The Czechoslovak Review/Volume 3/Czechoslovak National Council

Czechoslovak National Council

A year ago the Czechoslovak National Council was the Czechoslovak revolutionary government. Under that name Masaryk and his principal associates, Beneš and Štefanik, guided the campaign for independence, organized distinct Czechoslovak armies and received the recognition of Allied governments as one of the belligerents on the right side.

In the United States there was originally also a Czechoslovak National Council, a body of twenty men representing the two great national organizations—the Bohemian National Alliance of America with which the National Alliance of Bohemian Catholics is affiliated, and the Slovak League of America. But when the name used by this central organ became the name of the recognized Czechoslovak government, it became necessary that the principal organization of American citizens of Czech and Slovak descent assume a different name. Last October the name was changed to American Czechoslovak Board, and under that name much noble work was done for the Czechoslovak soldiers in Siberia, for the returning volunteers from America who had served in the Czechoslovak army in France, and for the relief of the needy in the Czechoslovak Republic.

But the name Board never really grew popular and was a hindrance to the use fulness of the institution. And so at the meeting of the executive committee of the American Czechoslovak Board, held in Chicago on July 26, it was proposed to return to the old name which no longer could be confused with the government of the Czechoslovak Republic.

The proposal was placed before the entire membership of the Board by mail and unanimously adopted. The change went into effect at the meeting of the executive committee in Chicago on September 24 and 25. Thus the central organ of Bohemian and Slovak national societies in the United States will now be known as the Czechoslovak National Council of America, with following officers and members: Prof. B. Šimek, president; Albert Mamatey and Rev. Innocent Kestl, vicepresidents; Vojta Beneš, secretary; Andrew Schustek, treasurer; John Straka, financial secretary; Mrs. Libuše Moták, director of relief work; Ivan Bielek, Michael Bosák, Rev. John Bradač, Thomas Čapek, Hynek Dostál, Joseph Hušek, Rev. L. Karlovský, Rev. J . Kubášek, Joseph Martinek, Rev. J. Murgaš, John Pankuch, Dr. Joseph P. Pecival, Rev. Oldřich Zlámal and Prof. J. J . Zmrhal, members.

During the last few months the chief activity of the Board or Council consisted in relief work for the needy of the Czechoslovak Republic.

At the end of June an office was opened in Chicago by the American Czechoslovak Board for the purpose of receiving boxes of clothing and other gifts, sent by Czechoslovaks in this country to relatives on the other side, and forwarding them in carloads to destination. Through the co-operation of the New York branch of the Czechoslovak Commercial Commission, an agency of the Czechoslovak government, a very low rate was secured, so that at present the rate on larger boxes is 10 cents a pound, on small packages 12 cents a pound, covering the cost of handling and transportation from Chicago to any destination in the Czechoslovak Republic. Recently it was necessary, in order to protect the interests of the Board which guarantees safe delivery, to charge in addition to the above rate by weight an insurance fee of $1.50 per each $100 value.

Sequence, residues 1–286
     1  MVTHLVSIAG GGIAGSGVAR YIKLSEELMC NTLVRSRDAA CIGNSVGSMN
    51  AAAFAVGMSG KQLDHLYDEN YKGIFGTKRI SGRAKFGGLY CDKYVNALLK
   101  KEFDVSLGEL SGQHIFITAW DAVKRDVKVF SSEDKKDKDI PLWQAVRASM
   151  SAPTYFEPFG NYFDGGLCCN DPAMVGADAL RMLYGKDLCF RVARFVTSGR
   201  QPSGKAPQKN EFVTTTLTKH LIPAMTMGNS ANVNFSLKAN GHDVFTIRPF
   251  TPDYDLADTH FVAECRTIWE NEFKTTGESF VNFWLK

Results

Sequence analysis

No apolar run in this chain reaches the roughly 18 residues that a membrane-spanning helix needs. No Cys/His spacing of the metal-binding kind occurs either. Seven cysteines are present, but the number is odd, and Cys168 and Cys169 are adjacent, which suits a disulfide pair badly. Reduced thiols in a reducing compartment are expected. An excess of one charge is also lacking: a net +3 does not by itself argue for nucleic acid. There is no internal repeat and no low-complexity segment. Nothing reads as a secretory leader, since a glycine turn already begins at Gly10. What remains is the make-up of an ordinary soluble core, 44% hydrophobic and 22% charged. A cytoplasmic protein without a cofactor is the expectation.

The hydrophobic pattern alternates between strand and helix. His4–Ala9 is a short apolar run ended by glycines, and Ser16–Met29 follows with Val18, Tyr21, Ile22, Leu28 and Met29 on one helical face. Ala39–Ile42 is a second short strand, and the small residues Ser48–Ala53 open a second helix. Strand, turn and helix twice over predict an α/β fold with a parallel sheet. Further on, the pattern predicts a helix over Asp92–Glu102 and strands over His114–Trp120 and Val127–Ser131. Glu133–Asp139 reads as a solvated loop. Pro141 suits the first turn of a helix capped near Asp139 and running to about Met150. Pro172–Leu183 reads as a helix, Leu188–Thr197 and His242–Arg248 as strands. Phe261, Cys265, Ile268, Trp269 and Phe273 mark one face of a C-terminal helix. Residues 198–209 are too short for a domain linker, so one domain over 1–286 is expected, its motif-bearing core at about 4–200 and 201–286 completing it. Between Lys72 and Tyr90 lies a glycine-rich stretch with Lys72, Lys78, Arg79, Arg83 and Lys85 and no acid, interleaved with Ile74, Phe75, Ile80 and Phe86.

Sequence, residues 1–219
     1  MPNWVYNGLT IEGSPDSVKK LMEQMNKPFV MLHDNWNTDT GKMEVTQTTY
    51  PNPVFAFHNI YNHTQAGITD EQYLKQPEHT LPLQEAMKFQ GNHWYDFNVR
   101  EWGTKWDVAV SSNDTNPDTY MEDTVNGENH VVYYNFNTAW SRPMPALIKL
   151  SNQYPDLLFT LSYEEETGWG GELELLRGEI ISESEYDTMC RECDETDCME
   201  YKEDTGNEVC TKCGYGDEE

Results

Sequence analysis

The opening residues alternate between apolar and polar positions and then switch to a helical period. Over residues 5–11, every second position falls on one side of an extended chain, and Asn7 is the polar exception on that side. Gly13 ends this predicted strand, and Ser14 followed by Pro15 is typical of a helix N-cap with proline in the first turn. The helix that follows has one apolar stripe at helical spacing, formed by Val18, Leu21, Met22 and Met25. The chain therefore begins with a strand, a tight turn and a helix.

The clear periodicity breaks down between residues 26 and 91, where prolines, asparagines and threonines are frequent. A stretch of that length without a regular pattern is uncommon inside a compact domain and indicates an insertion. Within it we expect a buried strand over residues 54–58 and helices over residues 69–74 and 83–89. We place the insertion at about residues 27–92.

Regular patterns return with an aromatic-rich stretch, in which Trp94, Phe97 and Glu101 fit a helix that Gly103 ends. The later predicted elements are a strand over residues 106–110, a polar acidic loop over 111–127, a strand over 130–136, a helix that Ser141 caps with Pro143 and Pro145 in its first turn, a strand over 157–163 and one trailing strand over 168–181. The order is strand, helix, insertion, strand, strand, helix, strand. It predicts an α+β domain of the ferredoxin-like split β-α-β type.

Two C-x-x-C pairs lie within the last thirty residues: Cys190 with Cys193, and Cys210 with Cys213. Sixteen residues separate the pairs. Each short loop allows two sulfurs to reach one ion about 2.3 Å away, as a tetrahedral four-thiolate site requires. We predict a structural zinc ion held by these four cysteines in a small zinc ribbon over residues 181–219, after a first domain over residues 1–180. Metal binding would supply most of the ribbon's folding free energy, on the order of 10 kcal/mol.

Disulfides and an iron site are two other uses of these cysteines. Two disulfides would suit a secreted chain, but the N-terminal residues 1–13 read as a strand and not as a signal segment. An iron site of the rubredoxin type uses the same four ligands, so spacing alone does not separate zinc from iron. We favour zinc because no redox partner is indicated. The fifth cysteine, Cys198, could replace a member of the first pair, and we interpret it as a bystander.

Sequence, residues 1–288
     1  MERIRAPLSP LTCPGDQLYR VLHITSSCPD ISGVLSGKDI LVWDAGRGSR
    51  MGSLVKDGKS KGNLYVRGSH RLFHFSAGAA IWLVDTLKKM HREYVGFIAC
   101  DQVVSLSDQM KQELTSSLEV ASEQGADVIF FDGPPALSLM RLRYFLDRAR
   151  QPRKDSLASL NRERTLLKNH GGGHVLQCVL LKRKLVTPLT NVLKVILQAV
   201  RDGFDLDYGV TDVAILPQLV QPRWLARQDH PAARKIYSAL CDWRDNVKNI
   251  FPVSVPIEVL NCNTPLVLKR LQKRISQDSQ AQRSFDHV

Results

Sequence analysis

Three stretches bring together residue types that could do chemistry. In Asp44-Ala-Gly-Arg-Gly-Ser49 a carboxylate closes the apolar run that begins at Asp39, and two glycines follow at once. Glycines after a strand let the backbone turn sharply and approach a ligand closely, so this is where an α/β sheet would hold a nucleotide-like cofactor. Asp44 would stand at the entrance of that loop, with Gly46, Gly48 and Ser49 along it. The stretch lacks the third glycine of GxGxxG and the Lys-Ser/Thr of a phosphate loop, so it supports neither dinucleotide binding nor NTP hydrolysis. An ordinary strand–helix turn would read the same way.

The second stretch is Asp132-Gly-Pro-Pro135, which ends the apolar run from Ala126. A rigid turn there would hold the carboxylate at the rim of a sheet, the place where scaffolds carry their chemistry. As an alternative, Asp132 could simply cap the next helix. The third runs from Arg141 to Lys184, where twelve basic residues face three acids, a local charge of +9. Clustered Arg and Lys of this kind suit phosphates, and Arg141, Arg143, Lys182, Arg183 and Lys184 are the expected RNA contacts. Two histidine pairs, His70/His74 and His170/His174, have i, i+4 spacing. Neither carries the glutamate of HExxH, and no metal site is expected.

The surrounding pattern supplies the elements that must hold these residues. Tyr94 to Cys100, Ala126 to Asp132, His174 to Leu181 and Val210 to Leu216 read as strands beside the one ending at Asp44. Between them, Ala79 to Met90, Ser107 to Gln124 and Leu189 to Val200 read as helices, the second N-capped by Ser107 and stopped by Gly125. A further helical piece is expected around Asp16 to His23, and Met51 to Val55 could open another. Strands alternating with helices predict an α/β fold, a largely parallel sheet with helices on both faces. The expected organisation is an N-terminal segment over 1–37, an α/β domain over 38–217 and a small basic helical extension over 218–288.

Between June 30 and September 23 the Chicago office in charge of Fráňa Klepal shipped to New York 16 car loads of relief goods, weighing 664,000 lbs and valued at $633,089.73. Out of that 158 boxes weighing 40,459 lbs were gifts for distribution by the Czechoslovak Red Cross, the cost of transportation being paid by the Board.

At its last meeting the American Czechoslovak Board, now the Czechoslovak National Council, decided to continue this work for some time longer and will carry on during October a campaign for the purpose of sending a large Christmas shipment to the old country to be delivered in Prague by the last barges going up the Elbe before the freeze-up. Chicago and states west of it, and to some extent settlements even east of Chicago, are sending their gifts to the office and warehouse at 2500 S. Sawyer Ave., while in the East several private firms are attending to this work.

Steamship Zaca which sailed from New York for Hamburg early in September carried among its cargo a gift from the American Red Cross to the Czechoslovak Red Cross. There were 405 bales of used clothing and 78 bags of used shoes, weighing togethere 72,285 lbs.; that was the least valuable part of the shipment, for the Red Cross donated 1710 cases of woolen knit goods, all new, and 77 cases of miscellaneous cotton piece goods, weighing 340,300 lbs. The total value of the shipment exceeds one million dollars, being thus the largest gift sent so far from America to the Czechoslovak Republic. The clothing will be divided equally between Czechs and Slovaks under the supervision of the Prague representative of American Red Cross. One condition of the gift was that the Czechoslovak organization in America pay for the cost of transportation, which was cheerfully done by the Czechoslovak National Council through Mrs. Libuše Moták, director of relief work.